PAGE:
In Review

Languedoc: raise a glass in France's hidden organic wine gem

With a wine-making history stretching back to the Greeks, you'll find plenty to toast in southern France

Think of a French wine holiday and your mind instinctively drifts towards Champagne and Burgundy, or Bordeaux and Beaujolais.

Organic wine-lovers, however, know there is only one region to visit: Languedoc, France’s secret treasure.

Nestled in the south-east of France, running northwards from the border with Spain, Languedoc is France’s top wine producer by volume. Locals claim it is the world’s oldest wine region – the Greeks first planted vines here in the fifth century BCE. Languedoc is especially dominant when it comes to the growing organic wine scene, producing around half of France’s organic wine and hosting the annual Millesime Bio, the world’s largest organic wine fair.

Demand for organic wine has grown substantially over the the last decade or so – when Millesime Bio began in 1993, there were ten exhibitors; that number had risen to 1,200 at the 2019 fair in January, with 22 countries represented among the selection.

To be organic, a wine has to be made from grapes free from any artificial or synthetic chemicals, including herbicides and pesticides. Organic wine-growers harness nature to keep their vines healthy, using sheep to keep weeds at bay, for example.

Converts say organic wines are kinder to the environment - and reduce the intensity of morning-after hangovers, to boot. While the green credentials are undoubtedly true, after sampling some of the wines on offer at Millesime Bio, including a ripe and delicious Vieille Vignes du Levant Grand Cru from Champagne Larmandier-Bernier, I’m afraid I can’t attest to the latter…

Good wine is a given on a holiday in Languedoc, but you’ll not run out of options for food, either. If you’re a fan of oysters, you’re in luck - they’re part of the diet here, thanks to the region’s Mediterranean coastline. Big and juicy, they taste divine, rivalling world-renowned oysters such as those found in Scotland’s Loch Fyne.

For a subtle take on Languedoc cuisine, check out Abacus in Montpellier, a chic, minimalist restaurant where the emphasis is on food rather than Instagrammable decor. The limited menu – quality over quantity – changes weekly, but delights on offer during our visit included a mouth-watering pork confit with cockles and freshly-caught monkfish with a coconut foam.

Founded in the tenth century, Montpellie is a city full of history – Nostradamus studied medicine here – that is looking to the future: its population has swollen over the last 50 years and it embraces its multicultural lifestyle.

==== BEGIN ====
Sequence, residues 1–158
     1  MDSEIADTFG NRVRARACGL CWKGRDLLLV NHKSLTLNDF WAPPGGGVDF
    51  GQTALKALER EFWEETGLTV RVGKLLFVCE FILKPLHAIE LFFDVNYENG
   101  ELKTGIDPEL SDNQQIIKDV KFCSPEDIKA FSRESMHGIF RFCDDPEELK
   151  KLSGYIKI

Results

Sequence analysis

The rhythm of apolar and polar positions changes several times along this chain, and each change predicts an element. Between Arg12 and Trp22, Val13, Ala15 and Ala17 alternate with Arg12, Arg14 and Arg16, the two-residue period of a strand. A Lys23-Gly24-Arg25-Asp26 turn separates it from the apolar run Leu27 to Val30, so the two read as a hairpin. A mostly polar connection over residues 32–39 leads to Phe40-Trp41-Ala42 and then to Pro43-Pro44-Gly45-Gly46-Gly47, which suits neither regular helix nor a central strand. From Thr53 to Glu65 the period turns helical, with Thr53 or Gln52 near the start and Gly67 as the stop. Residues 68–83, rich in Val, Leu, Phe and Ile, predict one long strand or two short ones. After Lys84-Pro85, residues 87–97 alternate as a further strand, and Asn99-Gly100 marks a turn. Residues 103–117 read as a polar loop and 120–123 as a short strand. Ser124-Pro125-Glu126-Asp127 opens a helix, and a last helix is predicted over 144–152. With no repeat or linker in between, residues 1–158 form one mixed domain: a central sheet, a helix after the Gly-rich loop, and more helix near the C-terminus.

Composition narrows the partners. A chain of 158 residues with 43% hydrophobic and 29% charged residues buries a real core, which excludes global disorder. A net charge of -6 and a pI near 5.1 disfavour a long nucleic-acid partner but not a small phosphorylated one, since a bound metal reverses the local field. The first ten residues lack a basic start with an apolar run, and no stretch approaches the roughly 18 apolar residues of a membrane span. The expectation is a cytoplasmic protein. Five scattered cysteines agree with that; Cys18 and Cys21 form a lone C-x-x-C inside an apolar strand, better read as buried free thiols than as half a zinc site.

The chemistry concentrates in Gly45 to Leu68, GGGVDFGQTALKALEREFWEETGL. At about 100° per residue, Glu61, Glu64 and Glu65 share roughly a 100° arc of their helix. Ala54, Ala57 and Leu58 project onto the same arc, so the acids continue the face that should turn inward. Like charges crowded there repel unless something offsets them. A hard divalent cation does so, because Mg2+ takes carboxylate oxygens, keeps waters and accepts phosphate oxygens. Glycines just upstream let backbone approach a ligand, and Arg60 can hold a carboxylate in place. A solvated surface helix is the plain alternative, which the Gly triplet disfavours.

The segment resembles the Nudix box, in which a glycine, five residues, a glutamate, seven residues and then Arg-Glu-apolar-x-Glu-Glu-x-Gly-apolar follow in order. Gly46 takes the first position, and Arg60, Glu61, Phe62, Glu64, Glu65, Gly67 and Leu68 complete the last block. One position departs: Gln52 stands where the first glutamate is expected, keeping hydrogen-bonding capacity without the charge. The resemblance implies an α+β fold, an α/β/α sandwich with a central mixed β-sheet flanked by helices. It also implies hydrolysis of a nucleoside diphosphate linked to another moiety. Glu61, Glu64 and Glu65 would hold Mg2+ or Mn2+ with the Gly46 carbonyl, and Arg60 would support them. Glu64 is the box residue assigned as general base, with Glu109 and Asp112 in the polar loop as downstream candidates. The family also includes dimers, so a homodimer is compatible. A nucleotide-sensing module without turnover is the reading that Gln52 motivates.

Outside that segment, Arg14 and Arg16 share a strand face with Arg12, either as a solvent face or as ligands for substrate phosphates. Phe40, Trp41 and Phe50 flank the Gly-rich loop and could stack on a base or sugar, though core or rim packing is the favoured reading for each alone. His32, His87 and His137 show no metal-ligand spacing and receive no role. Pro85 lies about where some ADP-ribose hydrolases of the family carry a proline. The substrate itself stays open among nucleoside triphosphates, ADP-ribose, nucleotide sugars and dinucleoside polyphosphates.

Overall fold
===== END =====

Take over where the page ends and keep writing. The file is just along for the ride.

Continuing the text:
However, the heart of the city remains the Place de la Comedie, where locals and tourist mingle in one of the largest pedestrian squares in Europe.

The neabry Musee Fabre is the perfect pitstop to indulge in a little culture between all the food and wine. The museum hosts one of France’s richest collections of European art, with Rubens, Courbet and Delacroix among the artists on offer.

If something a little more modern is to your taste, all you have to do is look out for a tram – shoe designer Christian Lacroix created the colourful livery. 

Away from the city, Languedoc offers a majestic landscape to explore, from the beautiful beaches of the Med to mountaintop fortresses – the citadel at Carcassonne is not to be missed. Europe's largest remaining fortified city is a Disney dream come true, with an old city to make you feel you've stepped back in time.

Of course, the wider region has plenty of attractions for wine-lovers. Try tasting sessions of some of the region’s finest wines at the picturesque Domaine de Cebene in the Haut Languedoc Natural Park. Owned by Languedoc newcomer Brigitte Chevallier, the estate produces award-winning vintages thanks to the amazing terroir: terraced shale soils, north-facing vines, the rich geology from being so close to the Med, windswept hills and grapes that give very limited yields.

Those grapes include syrah, grenache, mourvedre and carignan, from vines dating back 100 years – “my old ladies,” as Brigitte calls them.

For added ambience, you can taste these soft, beautiful and highly drinkable reds – and that from a white-wine woman – in the land where they were made. Brigitte holds two tasting experiences. The first, 90 minutes long, includes visits to the vines and tastings of the domaine’s three medal-winning wines. Sunk deep into the rock, the cellar proves an exceptional site to try them.

Twice a year, she also holds Pique-Nique, specifically for sponsors of her vines but open to all. This features a barbecue with products from the region, accompanied by Domaine de Cebene wine.

For true wine-lovers, it is possible to stay in a gite on the estate and experience first-hand life on a working organic vineyard.

And then you don’t have to worry about stumblling home! Salut!

Photos: Celine et Gilles Deschamps / CIVL

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